Anyone who doubts that extra-curricular humanities programming can draw a crowd should have been at VCU's James Branch Cabell Library last Friday, November 13, where upwards of 100 people—most of them undergraduates—spent the afternoon transcribing seventeenth-century manuscripts for the Folger Shakespeare Library's crowd-sourced and soon-to-be web-accessible Early Modern Manuscripts Online (EMMO) project.
As the Folger's Curator of Manuscripts Heather Wolfe reminded us in her opening remarks, the ability to read hand-written historical documents informs how we understand our cultural, social, political, religious, and economic inheritance. Wolfe stressed that manuscripts didn't die out with the rise of printing, Instead, manuscript production flourished. Printed texts were "just the tip of the textual iceberg." What would happen, she asked, if more people could read the manuscripts that are only currently accessible to a select few with special paleography training? What would we be able to learn about our past?
To this end, EMMO's long-term goal is to make text-searchable transcriptions of all the Folger's manuscripts freely available online to researchers, teachers, and students. Its longer-term goal is to partner with other institutions to expand the database beyond the Folger's collection.
The transcribathon opened with the basics: (1) an assurance that paleography is an art, not an exact science; and (2) a "whirlwind tour" of the secretary hand alphabet. Drawing on her own first encounters with secretary hand, Wolfe offered tricks for recognizing particularly tricky letterforms (the bucket r and the butcher-hook h, for example). Participants had copies of the Folger's handy alphabet book and abbreviation cheat-sheet for reference. They also had a team of four Folger experts to help with particularly thorny words and phrases.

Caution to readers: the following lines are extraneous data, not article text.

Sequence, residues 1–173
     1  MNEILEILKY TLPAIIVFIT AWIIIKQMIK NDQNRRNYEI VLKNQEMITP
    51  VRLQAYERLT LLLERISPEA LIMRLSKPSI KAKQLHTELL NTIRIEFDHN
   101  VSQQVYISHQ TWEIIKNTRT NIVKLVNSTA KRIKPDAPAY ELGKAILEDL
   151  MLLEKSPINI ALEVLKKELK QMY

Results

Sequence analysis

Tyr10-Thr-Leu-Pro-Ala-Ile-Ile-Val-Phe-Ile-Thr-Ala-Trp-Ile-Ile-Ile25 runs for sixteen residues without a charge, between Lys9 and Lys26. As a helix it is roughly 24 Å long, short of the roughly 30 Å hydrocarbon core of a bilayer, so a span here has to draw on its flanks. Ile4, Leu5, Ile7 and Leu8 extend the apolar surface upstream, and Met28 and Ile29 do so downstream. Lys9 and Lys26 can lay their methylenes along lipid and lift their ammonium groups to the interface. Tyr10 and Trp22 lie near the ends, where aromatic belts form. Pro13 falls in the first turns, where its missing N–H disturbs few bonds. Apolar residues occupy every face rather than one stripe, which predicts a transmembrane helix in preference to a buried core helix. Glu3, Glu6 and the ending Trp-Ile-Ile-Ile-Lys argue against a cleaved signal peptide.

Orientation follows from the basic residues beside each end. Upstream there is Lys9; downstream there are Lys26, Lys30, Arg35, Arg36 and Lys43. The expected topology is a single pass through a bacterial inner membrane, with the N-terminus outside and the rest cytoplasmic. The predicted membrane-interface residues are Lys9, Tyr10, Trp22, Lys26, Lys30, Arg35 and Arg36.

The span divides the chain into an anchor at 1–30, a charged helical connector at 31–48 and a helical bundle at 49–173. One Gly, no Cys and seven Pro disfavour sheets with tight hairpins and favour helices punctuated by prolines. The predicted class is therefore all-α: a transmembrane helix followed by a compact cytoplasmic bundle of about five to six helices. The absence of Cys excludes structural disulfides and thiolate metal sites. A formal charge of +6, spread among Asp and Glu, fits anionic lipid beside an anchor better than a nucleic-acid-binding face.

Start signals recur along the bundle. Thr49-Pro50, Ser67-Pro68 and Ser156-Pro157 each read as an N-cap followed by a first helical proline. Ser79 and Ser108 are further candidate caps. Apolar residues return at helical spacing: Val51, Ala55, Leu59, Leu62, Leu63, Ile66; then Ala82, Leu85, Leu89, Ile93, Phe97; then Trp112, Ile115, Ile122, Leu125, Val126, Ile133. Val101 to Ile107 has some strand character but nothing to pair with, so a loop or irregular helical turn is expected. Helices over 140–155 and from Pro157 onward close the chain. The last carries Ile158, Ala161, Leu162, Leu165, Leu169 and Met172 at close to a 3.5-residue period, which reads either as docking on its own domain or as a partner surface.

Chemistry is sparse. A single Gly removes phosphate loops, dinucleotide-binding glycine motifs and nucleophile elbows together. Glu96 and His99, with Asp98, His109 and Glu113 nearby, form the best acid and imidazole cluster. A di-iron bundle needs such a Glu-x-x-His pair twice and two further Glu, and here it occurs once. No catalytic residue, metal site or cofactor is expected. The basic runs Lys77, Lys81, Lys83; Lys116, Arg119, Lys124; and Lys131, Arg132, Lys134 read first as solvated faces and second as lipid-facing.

Participants chose between transcribing pages from MS Folger V.a.103, a poetic miscellany written in a mixed secretary and Italic hand, and the more challenging MS Folger V.b.110, Henry Oxinden's notebook of literary extracts, receipts, personal notes, aphorisms, &c. To make their transcriptions, participants used Dromio, the Folger's web-based transcription and collation tool. (Some participants brought their own laptops, while others borrowed machines provided by VCU Libraries.) The Dromio interface displays a high-resolution digital image of a given manuscript page and a small, overlayed text box in which to type the transcription. It also makes available shortcuts for XML encoding—such as "ex" (for "expansion"), "ins" (for "insertion"), and "\^/" (for "superscript to be lowered"). There are also tags for places, proper names, and monetary amounts.
The great thing about Dromio—and one huge reason why the size of the VCU transcribathon was no big deal—is that it supports several people transcribing the same page simultaneously. (For example, nine people transcribed the page pictured at the top of this post.) In fact, multiple transcriptions of the same page are desirable because it allows the EMMO team to collate all the attempts and produce a "majority rules" transcription that can then be cleaned up by expert paleographers like Sarah Powell, who was also on hand to help out on Friday. All credit to Michael Poston, the Folger's database specialist, for his work on every aspect of Dromio, but especially on this collation feature. The "majority rules" approach to transcription that the collation feature facilitates really means that every transcription counts. This, in turn, means that even beginner paleographers—like so many at Friday's transcribathon—are able to contribute to the project.